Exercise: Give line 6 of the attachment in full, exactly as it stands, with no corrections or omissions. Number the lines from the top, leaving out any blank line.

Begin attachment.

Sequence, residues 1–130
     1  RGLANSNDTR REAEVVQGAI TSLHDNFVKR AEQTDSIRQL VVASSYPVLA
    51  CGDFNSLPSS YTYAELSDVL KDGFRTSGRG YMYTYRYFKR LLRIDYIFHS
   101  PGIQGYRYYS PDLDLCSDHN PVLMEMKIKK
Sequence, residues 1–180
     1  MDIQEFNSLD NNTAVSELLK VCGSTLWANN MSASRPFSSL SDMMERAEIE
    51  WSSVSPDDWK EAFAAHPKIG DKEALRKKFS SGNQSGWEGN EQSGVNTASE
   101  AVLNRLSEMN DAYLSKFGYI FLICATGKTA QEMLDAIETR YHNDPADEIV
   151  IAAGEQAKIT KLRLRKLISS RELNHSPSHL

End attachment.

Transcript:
     1  MDIQEFNSLD NNTAVSELLK VCGSTLWANN MSASRPFSSL SDMMERAEIE